We've had a great Passover around here.
Our Seder was a lot of fun! (we actually did two Sedarim, the first with our family, and the kids made it through that one entirely. So I really consider that to be our "real Seder." The second night, I helped lead the Seder at the synagogue. My kids didn't really make it through that one....)
Our Seder table, featuring the huevos haminados that I made with David. They were beautiful but interestingly enough, didn't taste any different from regular hard-boiled eggs!
My kids had a great time with the plague masks. I felt that the lice plague was most fitting for them...
Everyone always wants to know if I conduct our family's Seder, being a rabbi and all. Nope. My dad (who wrote my omer counter) has always done it and he does a great job! I pipe up occasionally with new ideas and comments, and sometimes move things along...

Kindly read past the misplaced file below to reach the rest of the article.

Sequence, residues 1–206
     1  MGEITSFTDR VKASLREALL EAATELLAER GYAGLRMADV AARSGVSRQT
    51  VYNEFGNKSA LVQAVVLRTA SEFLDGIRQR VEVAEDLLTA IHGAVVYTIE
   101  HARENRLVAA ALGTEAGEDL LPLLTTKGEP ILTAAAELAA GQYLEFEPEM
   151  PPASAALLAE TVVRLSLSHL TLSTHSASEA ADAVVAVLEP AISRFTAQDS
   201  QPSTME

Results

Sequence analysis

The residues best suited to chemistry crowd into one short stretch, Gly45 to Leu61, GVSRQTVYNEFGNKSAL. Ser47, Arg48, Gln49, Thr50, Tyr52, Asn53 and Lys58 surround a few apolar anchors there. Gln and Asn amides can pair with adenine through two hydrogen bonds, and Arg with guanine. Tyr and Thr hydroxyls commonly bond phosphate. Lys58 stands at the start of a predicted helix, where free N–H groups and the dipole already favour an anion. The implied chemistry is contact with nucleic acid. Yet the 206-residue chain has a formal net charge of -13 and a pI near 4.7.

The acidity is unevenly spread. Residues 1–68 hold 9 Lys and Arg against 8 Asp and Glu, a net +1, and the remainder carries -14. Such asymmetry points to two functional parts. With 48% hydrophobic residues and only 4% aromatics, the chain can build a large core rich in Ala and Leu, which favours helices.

Each year, we open the Seder with a reading from Mark Twain's "Concerning the Jews." My 93-year-old grandmother offers this reading, which she found many years ago and brought to the Seder.
And....David offered the Four Questions:
The rest of the week has been relatively uneventful. Sam has persisted in asking each day for waffles. I'm quite sure that he did not eat a single bite of matzah in protest. Luckily, he's only 3 so it doesn't matter too much. Our digestive tracts were, um, healthy all week. We made popovers, toasted farfel, grilled fish, potatoes, eggs, tuna, and ate a lot of babaghanoush and cream cheese on matzah. I think I made matzah pizza 4 or 5 times and I made matzah brei twice. (For the Matzah Brei cookoff at the shul, I made Matzah Brei Italian - with marinara sauce, onions, garlic, basil and mozzarella - garnished with Salad Caprese. A huge hit!)
The dishes are packed away, the crumbs are swept off the counter, and another Pesach has come and gone. So much work to prepare and it all seems to end so quickly. But it really is one of my favorite weeks of the year. It is a total change of routine and behavior that consumes us and reminds us with every mouthful of the meaning of freedom.
How was your Pesach?